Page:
—Edward J. Drea, author of Japan’s Imperial Army and MacArthur’s ULTRA: Codebreaking and the War against Japan, 1942-1945

“The author’s detailed research gives authenticity to the narrative, making the story very believable indeed. The Flowers of Edo should be enjoyed by younger generations as well as those of us who lived through the Pacific War.”
—Linda Goetz Holmes, Pacific War Historian and author of 4000 Bowls of Rice and Guests of the Emperor: The Secret History of Japan’s Mukden POW Camp

“Michael Dana Kennedy has crafted an enormously detailed saga of a family spread across generations on both sides of the Pacific, reunited in the final acts of World War II as Japanese and Japanese-Americans fight on both sides of the enormous conflict. The Flowers of Edo is the product of meticulous cultural and historical research that sets both the family and the story into richly satisfyingly drawn settings.”
—Ted Bestor, Professor of Japanese Studies, Harvard University

“Upon reading The Flowers of Edo I was vastly relieved and full of praise for Michael Dana Kennedy’s meticulous attention to factual details, and his sensitivity to cultural nuances of both traditional Japanese culture as well as the complicated ‘marginal minority’ role of Americans of Japanese ancestry. More important for a work of fiction, this is a very readable book, full of unanticipated twists and turns that are entirely plausible. Sugoi! (A samurai utterance for ‘Outstanding!’”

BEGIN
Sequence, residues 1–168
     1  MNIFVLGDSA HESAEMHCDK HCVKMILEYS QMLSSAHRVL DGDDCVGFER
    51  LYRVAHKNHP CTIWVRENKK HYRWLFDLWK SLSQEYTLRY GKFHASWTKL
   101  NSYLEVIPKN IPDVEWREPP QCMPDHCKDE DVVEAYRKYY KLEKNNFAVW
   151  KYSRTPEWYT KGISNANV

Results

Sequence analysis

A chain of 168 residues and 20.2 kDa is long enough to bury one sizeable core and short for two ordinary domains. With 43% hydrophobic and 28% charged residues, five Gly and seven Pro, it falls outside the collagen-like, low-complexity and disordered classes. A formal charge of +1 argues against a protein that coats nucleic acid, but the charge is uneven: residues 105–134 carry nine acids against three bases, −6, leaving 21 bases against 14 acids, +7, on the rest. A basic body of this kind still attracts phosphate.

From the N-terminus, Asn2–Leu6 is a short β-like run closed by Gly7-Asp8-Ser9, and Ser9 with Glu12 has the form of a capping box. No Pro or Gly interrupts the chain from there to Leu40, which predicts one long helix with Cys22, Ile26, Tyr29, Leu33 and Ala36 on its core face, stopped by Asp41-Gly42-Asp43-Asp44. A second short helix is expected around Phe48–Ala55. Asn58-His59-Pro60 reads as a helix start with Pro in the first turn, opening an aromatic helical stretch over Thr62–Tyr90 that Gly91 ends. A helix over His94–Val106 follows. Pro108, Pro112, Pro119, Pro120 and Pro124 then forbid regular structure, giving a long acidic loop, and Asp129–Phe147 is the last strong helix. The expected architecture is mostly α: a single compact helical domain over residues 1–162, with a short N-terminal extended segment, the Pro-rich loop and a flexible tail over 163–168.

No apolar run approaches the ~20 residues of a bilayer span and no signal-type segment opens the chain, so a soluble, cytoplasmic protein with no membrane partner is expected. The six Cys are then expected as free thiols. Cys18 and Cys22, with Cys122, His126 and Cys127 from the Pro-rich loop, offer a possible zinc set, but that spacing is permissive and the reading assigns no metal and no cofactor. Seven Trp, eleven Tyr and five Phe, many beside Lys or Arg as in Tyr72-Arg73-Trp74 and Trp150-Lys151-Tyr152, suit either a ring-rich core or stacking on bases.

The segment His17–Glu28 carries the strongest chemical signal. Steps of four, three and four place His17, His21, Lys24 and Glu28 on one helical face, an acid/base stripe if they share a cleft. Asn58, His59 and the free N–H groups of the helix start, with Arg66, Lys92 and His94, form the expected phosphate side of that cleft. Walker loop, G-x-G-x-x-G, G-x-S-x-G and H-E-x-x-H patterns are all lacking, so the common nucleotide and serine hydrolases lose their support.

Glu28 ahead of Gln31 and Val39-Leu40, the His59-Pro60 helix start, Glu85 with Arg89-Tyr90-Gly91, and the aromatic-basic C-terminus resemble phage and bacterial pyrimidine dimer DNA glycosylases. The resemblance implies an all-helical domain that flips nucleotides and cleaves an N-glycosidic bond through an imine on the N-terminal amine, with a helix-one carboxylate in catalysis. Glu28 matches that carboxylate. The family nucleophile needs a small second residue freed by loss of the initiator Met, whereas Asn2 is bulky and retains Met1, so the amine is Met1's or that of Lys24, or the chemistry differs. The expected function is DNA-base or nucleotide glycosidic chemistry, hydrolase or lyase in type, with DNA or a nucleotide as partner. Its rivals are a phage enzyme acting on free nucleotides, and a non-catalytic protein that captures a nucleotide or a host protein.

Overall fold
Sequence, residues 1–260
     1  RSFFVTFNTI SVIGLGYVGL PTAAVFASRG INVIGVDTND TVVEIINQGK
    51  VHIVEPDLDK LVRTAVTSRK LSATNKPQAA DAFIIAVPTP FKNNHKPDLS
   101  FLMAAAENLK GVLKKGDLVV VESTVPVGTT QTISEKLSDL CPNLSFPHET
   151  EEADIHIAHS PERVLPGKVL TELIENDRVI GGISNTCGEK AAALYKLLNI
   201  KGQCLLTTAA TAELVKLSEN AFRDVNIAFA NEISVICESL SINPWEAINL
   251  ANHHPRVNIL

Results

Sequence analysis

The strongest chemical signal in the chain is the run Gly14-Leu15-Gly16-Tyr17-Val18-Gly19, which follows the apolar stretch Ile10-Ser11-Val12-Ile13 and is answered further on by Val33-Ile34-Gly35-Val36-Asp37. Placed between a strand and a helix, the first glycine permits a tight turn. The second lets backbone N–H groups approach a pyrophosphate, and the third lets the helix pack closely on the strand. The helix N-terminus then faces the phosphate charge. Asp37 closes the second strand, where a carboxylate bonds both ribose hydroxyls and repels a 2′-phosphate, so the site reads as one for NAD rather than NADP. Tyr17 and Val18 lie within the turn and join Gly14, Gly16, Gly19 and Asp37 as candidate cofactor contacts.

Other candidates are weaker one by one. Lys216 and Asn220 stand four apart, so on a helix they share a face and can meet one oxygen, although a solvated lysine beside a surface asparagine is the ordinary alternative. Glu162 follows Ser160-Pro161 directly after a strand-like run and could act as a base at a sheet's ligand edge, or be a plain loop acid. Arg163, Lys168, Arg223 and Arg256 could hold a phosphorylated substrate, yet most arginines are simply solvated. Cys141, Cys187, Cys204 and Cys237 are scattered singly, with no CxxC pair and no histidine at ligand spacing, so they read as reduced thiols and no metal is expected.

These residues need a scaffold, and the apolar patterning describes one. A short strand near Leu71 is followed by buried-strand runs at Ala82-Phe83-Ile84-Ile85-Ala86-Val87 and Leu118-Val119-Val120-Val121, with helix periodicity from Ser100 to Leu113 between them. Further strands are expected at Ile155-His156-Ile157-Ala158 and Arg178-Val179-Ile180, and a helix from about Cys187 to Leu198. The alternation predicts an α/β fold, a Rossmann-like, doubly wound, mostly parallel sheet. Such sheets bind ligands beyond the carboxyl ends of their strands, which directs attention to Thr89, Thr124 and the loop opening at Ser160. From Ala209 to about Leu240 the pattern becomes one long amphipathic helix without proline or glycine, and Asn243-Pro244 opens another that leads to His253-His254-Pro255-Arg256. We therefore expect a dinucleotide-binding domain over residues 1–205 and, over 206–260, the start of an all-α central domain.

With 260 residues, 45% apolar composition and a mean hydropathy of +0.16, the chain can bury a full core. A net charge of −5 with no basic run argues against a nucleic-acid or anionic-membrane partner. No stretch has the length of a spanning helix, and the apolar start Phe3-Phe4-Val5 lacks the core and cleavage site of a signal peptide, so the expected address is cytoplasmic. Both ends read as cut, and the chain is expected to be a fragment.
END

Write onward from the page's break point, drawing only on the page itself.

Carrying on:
—Donald Teruo Hata, Ph.D., Emeritus Professor of History and Coordinator of Asian Pacific Studies, California State University, Dominguez Hills.

“As a young U.S. Marine Captain in the aftermath of World War II, I served as a Staff Officer in Provisional Corps, Japan, and was stationed Gifu Air Base. In this billet I had daily association with Japanese civilians. It is from these associations that I have based much of my reactions to The Flowers of Edo. In this regard, let me say that this book is truly a classic in every meaning of the word. To all I simply say: READ IT.”
—General P.X. Kelley, USMC (Ret.), 28th Commandant of the Marine Corps

“First-time novelist Michael Dana Kennedy navigates intrigue, adventure, and romance with the ring of historical truth. His homework is evident in his grasp of weapons and machinery, operations and tactics, political and interpersonal machinations, and military, cultural, and political contexts. But his gift is in the page-turning storytelling: solid characters, trim plotting, credible dialogue. The Flowers of Edo is thought-provoking edutainment.”
World War II Magazine

“Exhilarating debut novel… Good historical novels like this one work on several levels. The author’s attention to detail, for example, is astounding, making it easy to visualize a specific time and place and learn about ships, navy protocol and even the personal idiosyncrasies of famous officers… He also re-creates life on many social levels, from meetings between commanding officers and the Emperor to ordinary Japanese on trains and in the streets of Tokyo. By moving from high society to low to high again, Kennedy paints a fuller canvas of the period. The book’s richness, though, springs from Kobayashi’s multidimensional character.”
Number 1 Shimbun (Correspondents’ Club of Japan monthly magazine)

“Here’s a thrilling look at the end of World War II. The author crafts an exciting, highly believable tale with the actual players—McArthur, Admiral Halsey and others—interacting with fictional heroes. Even though we know the outcome, getting there is a trip!”
—Jordan Rich, WBZ Radio (Boston)